In January of 1995, I started working at a financial institution. I was 19 and preparing to be married in June. I had moved home from college to Forest Lake when the term ended in December of 1994 and was so discouraged. Not only had I ran out of money and had to drop out of college, the job that I had moved home for had been given to someone else. Someone long term. To someone who wasn’t getting married. I asked around and spoke with a few small business owners, but there were no jobs to be had. I didn’t have a driver’s license or a car and was so set on that job close to home, that having a Plan B was something that hadn’t even crossed my mind.
I cried to my future husband and didn’t know what to do. He did. He called his mom who was in Florida on vacation over Christmas Break and together they came up with a plan. I would move in with my future mother in law and find a job closer to her home. Where businesses and jobs abounded, I knew this was an excellent idea and was so thankful to have this opportunity. I believe my mom was a bit saddened to learn that she wouldn’t have the next six months with me, but totally understood my predicament. My husband helped me move all of my belongings to his mom’s house for the second time in two weeks. I decided to walk into each business down the main street in town and ask if they were hiring. Since I moved home for a bank job that I thought would be very interesting, I was drawn to the bank right on the corner.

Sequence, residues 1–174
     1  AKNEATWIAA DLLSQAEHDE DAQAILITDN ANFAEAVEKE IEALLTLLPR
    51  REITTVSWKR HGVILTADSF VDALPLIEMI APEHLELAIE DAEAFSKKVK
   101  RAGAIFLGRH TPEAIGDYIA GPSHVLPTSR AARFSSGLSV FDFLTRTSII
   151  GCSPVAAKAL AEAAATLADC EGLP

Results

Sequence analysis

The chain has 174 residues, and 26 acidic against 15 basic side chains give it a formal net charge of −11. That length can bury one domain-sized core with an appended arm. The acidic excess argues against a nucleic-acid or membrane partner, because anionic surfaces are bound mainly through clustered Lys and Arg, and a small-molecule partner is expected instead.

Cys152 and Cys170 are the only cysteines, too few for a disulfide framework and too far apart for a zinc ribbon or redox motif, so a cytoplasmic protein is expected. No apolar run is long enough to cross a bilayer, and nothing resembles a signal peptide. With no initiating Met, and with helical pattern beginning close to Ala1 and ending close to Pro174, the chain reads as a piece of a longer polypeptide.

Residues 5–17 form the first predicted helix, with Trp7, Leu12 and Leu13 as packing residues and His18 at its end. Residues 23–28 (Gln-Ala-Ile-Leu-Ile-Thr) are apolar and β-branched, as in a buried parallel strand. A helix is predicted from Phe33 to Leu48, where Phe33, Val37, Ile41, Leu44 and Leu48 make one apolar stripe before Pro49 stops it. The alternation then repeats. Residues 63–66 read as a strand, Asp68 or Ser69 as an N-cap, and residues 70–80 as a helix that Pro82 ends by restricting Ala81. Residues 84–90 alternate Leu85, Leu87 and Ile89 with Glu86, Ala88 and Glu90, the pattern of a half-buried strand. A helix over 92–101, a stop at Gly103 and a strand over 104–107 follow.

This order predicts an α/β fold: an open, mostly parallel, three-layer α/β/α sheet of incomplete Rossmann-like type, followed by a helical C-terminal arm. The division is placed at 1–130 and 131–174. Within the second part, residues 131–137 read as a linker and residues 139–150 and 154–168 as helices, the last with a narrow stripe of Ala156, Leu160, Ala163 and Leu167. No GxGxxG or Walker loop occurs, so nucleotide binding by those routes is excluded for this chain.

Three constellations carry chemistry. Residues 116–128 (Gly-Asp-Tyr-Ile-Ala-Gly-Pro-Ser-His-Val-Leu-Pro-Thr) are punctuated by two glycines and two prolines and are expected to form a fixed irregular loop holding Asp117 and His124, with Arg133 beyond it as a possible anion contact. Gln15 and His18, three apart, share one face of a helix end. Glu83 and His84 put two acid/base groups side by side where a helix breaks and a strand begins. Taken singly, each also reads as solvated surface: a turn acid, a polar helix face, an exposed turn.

At my first stop, they weren’t just hiring, they were in need of someone to start almost right away. They needed someone who was flexible with hours. Could open, possibly close, and maybe even work a split shift and be available to work most Saturdays. I could do that. I could work a ton of hours. Now that I lived close, I could absolutely make this work and spend the next six months saving as much money as possible for our pending nuptials.
I started about two weeks later and I loved it. I loved being a bank teller. The customers, the service requirements, the constant attention to detail and the need for accuracy. I was meant to be a banker! I worked with a couple of sweet older mom like coworkers who were intelligent and helpful. The other young woman who also worked as tellers were a riot. They were funny, personable and competitive. Often departmental goals were established and we all fiercely tried to outdo each other.
I enjoyed working with my direct supervisor and branch manager. And then they were both transferred. A new teller supervisor arrived and I was at a loss. Temperamental, moody, self-conscious, paranoid and often downright rude, she baffled me. She was a grown woman who struggled to keep herself together and it affected her work. She was often late and unapologetic and relied on me always being on time to make sure that the bank would open on time, and that drawers would balance at the end of the day. I had a knack for finding errors and was able to help other tellers balance if they were having problems. She approached me one evening and said, “I know you want my job. And every day you make me look bad. I have my eye on you. Don’t think I am going down without a fight. ” She stomped off in her too-big black high heels. What just happened? I was so confused. Apparently, rather than acknowledging and admitting that her work ethic had slipped and that she needed to put in more effort, she decided to focus on my success in the workplace as a direct threat.